U.S. exchange operator Nasdaq could gatecrash the crypto market with a new platform, according to people familiar with the situation.
The firm, which is best-known for bringing technology companies such as Facebook and Tesla to market, is exploring a security token platform, the people said. Such platforms provide a way for firms to issue a token, which trades on a blockchain, as a way to raise funds. Security token offerings (STOs), unlike some initial coin offerings (ICOs), aim to fit into the parameters of existing U.S. securities law.
Since last year, the ICO market exploded in popularity with billions of dollars raised across hundreds of projects. The market, which is known for its fair share of fraud and big dreams, has helped some startups raise millions in seconds, drawing scrutiny from regulators such as the SEC.
Nasdaq is speaking with a number of firms as part of its efforts, including blockchain startup Symbiont. The people said the platform would issue tokenized securities as well as trade them. If such a platform were to successfully come to market it would join a number of firms offering such services including Polymath, tZero, and TrustToken.
Nasdaq's interest in issuing tokenized securities dates back to 2015, one person with knowledge of the platform said. Then, before the bitcoin bonanza of 2017, the firm partnered with Chain to complete and record its first securities transaction on blockchain technology.
As noted by recent research by The Block, security tokens can help remedy a number of issues facing U.S. stocks. Instead of a single institution controlling shares and settling transactions, security tokens are built on blockchains operated by distributed miners and nodes (servers). If a miner or node cease operating, the blockchain will continue to run as usual. The lack of centralization makes the settlement and transfer of securities more reliable. Thus, removing certain risks.[related id=1]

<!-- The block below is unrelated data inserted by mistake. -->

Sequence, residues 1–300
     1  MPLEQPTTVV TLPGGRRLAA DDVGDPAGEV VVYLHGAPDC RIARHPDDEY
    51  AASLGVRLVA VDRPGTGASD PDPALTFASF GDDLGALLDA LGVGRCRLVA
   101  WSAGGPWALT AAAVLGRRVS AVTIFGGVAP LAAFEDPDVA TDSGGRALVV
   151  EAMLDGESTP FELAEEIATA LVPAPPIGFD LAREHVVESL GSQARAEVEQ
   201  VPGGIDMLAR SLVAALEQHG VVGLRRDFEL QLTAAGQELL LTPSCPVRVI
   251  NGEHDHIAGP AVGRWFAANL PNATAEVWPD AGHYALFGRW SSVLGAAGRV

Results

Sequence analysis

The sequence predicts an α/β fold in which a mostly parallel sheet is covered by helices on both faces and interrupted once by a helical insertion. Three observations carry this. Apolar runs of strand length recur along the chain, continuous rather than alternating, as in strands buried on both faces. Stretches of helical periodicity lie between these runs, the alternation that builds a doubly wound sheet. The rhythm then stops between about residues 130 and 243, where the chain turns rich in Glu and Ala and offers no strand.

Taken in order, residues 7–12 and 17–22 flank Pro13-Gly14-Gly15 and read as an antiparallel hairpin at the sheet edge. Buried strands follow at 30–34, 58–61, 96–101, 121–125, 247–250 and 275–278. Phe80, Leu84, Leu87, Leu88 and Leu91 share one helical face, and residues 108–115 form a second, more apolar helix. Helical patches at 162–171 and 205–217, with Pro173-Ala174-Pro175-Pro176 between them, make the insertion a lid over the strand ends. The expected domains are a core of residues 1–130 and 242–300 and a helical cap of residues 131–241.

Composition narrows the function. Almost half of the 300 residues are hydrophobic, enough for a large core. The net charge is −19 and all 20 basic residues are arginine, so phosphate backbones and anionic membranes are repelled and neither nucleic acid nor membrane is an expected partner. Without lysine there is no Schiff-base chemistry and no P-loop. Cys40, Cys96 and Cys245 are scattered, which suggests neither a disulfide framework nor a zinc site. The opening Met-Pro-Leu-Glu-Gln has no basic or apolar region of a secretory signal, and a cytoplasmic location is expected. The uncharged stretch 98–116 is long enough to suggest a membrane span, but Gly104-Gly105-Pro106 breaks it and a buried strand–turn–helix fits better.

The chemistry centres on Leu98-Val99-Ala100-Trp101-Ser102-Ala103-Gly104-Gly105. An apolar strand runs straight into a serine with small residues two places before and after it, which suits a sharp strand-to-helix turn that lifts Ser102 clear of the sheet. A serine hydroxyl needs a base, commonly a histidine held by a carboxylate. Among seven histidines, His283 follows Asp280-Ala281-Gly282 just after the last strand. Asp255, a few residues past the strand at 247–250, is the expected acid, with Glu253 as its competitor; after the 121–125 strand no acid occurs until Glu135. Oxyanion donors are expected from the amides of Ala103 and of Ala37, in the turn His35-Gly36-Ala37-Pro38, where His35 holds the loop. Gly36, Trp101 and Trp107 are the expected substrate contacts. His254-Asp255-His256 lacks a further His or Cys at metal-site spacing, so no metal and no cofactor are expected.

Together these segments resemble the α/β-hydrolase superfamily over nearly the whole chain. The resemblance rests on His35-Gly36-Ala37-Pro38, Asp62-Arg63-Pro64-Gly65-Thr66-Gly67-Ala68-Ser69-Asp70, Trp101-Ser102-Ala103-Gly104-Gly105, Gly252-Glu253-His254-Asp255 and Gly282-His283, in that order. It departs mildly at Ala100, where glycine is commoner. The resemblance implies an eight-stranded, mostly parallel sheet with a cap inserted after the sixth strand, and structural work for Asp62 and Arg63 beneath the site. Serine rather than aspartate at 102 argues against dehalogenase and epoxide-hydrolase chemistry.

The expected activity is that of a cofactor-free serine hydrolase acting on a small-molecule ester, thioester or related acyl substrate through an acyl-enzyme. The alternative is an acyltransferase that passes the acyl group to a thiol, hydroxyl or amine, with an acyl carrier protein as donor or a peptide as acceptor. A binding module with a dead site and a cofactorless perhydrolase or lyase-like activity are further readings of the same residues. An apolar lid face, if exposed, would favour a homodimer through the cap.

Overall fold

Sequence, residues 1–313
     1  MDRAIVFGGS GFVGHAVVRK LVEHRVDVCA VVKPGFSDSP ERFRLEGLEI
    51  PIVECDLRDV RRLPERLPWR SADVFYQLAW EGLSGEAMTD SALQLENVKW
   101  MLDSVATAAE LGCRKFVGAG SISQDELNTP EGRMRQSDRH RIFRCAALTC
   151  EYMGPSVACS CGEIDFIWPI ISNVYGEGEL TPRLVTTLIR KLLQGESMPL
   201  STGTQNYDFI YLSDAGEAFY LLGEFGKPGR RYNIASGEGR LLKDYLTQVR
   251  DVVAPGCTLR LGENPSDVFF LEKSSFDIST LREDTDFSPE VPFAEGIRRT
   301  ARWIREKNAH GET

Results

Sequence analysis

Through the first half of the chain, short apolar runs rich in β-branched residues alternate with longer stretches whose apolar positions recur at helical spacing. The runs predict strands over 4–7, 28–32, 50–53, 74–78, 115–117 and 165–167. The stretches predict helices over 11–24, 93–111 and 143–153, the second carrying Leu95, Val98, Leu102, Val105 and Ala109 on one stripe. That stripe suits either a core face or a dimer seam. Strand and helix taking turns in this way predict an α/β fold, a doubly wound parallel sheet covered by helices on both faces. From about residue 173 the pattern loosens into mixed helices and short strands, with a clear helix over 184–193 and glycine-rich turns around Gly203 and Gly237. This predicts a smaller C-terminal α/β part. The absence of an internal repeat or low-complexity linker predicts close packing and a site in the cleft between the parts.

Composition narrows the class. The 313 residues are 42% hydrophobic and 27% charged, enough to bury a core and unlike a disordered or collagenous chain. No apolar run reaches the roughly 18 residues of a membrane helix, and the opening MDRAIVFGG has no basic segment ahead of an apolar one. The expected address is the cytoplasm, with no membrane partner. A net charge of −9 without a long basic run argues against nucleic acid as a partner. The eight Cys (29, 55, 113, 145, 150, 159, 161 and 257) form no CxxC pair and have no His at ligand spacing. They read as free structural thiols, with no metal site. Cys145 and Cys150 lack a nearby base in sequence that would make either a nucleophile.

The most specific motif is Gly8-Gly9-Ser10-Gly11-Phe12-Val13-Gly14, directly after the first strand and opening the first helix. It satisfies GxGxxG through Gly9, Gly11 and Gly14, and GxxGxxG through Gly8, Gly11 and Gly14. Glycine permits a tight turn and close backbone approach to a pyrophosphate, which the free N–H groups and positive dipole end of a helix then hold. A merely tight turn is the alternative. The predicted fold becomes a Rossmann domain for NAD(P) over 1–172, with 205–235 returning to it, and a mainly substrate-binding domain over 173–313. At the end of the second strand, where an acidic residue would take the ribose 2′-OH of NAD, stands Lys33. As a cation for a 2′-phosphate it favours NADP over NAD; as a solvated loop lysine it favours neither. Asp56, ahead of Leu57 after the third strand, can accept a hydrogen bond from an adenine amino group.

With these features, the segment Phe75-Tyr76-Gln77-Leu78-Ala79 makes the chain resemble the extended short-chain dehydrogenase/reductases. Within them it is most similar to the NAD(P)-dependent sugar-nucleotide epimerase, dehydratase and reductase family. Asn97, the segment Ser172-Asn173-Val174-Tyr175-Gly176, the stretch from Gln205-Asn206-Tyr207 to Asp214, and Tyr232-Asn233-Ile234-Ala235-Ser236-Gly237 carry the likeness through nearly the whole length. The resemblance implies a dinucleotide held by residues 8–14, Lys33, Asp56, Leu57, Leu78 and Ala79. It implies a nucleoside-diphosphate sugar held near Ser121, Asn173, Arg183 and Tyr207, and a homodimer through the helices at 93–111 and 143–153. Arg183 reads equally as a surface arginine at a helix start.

Still, not everyone is convinced that blockchain will make a big difference in trading. Chris Concannon, the president of Cboe Global Markets, said recently at an industry conference he didn't see blockchain "impacting the most liquid assets that we trade."
Nasdaq CEO's nuanced view on crypto
In October 2017, Nasdaq CEO Adena Friedman said the firm was not interested in ICOs, describing them as "bleeding edge."
"I have real concerns around the lack of process, the lack of oversight, the lack of transparency, the lack of accountability that these companies, or individuals, have as they're going out and trying to raise capital through an ICO," she said speaking at an industry conference in June 2018.
Later in the interview, Friedman hinted at possibly conducting STOs, saying: "If you decide you want to do an ICO in a regulated manner then we'd be happy to figure out whether there is an opportunity to work with people to do that."
As for cryptocurrencies, like bitcoin, Friedman isn't necessarily a hardcore believer or pure skeptic.
"The concept of having a digital currency that does allow for transfer of money across borders, that really transcends the banking system, and allows for a seamless transfer, is really really fascinating and one that we have to assume will become a part of the ecosystem of the internet," she said of digital currencies like bitcoin.
As for Nasdaq, Friedman's nuanced look at the market is reflected in the firm's strategy. The firm powers a number of crypto markets with its surveillance technology, but has no plans to trade bitcoin or other cryptocurrencies on its marketplace anytime soon. Most notable, Gemini uses Nasdaq's so-called SMARTs technology to monitor its venue for nefarious trading activity.
In some respects, the firm has taken a more cautious approach to the crypto market relative to its competitors. ICE, the parent company of rival New York Stock Exchange, announced in August a crypto platform dubbed Bakkt. And derivatives exchanges Cboe and CME Group both have bitcoin futures markets. Nasdaq has yet to get a futures market off the ground.
Nasdaq spokesman Joseph Christinat declined to comment.
With contributions from The Block's Steven Zheng.
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